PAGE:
After the Arctic and Antarctic, the Tibetan Plateau with 46,000 glaciers, is home to the third largest concentration of ice on earth. Hence is rightly referred to as the planet’s ‘Third Pole‘ and any drastic land cover change on the third pole will resonate across Asia and beyond.
But due to its vast surface area at an extreme elevation, the temperature rise on the Tibetan Plateau is twice more the global average. This has led to rapid glacial retreat and permafrost degradation. According to an Intergovernmental Panel on Climate Change (IPCC) report, 82% of glaciers on the Tibetan Plateau have retreated in the last fifty years. If the current rate continues, then 2/3 of all glaciers on the plateau would be gone by 2050 (Tandong Yao). The fast thawing of permafrost on the plateau would result in the release of vast quantity of carbon into the atmosphere. This could further exacerbate the rising temperature and cause extreme climatic conditions across the world. The plateau not only influences the timing and intensity of Asian monsoons but the increasing heat waves in Europe are also linked to the decreasing glaciers on the Tibetan plateau.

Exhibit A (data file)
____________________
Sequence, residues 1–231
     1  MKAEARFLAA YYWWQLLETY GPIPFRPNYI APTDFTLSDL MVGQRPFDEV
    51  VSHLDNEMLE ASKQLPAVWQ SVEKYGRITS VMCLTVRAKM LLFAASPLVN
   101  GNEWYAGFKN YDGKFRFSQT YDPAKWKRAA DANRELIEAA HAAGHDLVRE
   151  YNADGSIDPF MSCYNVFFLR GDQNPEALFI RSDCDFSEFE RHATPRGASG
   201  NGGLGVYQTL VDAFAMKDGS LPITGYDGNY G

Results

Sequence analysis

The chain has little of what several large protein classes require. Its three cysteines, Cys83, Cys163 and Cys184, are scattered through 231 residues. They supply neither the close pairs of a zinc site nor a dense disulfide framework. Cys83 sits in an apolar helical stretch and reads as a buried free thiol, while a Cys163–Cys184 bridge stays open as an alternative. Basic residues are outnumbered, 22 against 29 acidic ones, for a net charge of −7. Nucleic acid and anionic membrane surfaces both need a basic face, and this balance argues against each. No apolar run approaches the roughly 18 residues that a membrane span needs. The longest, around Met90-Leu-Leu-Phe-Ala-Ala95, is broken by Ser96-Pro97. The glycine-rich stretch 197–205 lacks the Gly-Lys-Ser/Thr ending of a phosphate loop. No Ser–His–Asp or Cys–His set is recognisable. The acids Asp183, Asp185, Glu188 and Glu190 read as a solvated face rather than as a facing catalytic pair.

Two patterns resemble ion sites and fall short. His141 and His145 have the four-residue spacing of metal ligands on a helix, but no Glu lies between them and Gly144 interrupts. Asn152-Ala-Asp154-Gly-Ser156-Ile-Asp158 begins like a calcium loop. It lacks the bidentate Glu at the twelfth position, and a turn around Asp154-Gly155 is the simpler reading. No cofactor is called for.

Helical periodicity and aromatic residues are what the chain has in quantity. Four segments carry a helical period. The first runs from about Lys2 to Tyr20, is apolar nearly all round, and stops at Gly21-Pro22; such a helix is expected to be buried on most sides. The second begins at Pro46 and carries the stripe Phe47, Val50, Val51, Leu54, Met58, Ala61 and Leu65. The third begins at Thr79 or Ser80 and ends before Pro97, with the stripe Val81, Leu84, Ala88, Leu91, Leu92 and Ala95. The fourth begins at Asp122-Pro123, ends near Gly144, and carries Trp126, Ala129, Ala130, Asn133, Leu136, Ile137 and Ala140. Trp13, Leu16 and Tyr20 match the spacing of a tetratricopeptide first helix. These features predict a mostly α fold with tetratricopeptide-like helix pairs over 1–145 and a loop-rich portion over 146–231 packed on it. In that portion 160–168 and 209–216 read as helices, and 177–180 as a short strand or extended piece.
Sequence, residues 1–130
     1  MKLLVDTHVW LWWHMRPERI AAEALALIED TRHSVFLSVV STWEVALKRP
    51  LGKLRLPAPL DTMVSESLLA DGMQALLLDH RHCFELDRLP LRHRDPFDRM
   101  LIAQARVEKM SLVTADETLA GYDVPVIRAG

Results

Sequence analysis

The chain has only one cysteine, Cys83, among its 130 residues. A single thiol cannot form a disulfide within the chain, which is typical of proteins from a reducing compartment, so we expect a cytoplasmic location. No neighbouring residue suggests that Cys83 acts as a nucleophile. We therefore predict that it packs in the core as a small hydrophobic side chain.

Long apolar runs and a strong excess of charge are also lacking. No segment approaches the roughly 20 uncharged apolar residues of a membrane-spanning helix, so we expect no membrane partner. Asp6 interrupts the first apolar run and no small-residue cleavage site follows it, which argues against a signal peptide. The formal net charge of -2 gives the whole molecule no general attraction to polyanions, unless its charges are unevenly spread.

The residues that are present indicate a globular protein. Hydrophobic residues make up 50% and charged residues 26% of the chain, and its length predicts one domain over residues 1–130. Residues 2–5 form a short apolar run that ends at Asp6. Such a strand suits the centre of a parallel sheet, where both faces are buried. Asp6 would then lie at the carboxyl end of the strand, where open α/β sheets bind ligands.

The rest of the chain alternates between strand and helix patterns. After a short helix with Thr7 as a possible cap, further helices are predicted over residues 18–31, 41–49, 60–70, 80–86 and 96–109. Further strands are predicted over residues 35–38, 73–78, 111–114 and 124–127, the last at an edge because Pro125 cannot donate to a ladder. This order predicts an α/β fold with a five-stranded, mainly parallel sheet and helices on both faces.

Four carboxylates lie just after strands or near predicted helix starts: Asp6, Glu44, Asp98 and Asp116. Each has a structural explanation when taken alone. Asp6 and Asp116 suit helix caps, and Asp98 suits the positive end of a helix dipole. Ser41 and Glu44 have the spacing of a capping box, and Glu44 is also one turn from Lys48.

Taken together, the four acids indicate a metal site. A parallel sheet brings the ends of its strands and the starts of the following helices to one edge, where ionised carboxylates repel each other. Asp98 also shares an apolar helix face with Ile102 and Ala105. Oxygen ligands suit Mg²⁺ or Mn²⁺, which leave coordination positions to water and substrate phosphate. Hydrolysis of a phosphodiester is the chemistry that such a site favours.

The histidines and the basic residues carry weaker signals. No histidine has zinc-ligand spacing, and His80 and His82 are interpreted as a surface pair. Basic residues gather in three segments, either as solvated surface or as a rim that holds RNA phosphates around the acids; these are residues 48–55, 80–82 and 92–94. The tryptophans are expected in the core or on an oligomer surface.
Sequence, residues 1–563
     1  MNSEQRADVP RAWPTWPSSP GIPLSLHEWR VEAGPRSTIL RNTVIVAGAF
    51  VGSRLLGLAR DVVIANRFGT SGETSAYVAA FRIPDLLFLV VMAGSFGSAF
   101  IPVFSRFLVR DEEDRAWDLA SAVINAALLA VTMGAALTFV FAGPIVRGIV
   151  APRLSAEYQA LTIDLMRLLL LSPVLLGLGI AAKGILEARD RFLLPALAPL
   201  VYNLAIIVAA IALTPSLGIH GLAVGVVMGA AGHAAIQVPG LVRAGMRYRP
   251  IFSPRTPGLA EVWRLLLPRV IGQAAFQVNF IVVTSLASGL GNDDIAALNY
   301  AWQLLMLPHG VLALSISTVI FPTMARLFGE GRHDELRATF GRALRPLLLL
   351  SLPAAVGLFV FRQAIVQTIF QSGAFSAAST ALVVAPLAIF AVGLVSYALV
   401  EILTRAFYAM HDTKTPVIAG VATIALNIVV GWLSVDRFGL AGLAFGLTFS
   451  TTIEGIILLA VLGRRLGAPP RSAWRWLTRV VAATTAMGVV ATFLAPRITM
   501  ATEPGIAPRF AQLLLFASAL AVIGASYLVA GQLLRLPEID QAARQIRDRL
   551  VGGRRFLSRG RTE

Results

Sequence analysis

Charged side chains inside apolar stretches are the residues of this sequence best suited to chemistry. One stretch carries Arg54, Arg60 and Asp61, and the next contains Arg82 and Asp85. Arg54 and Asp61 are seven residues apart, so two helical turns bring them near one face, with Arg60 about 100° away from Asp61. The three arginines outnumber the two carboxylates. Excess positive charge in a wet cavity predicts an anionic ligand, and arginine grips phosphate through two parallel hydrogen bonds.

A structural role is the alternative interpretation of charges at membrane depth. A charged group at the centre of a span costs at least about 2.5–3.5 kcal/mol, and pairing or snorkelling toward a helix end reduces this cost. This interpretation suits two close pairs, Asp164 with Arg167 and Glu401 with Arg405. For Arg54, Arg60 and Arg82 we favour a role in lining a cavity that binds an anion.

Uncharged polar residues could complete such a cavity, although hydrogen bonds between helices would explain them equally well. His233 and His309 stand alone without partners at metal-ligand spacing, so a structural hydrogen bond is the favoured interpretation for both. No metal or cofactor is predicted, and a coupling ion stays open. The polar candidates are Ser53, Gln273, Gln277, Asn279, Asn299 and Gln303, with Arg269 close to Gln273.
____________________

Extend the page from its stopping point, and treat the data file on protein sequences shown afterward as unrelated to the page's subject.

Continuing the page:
The rapid melting of glaciers would cause sudden surge in river flows in the next few years, causing floods and landslides. But the river volume could reach peak by 2030 and then would start to decline, causing unimaginable difficulties across Asia.
Tibetan Participation at the UN Climate Change Summits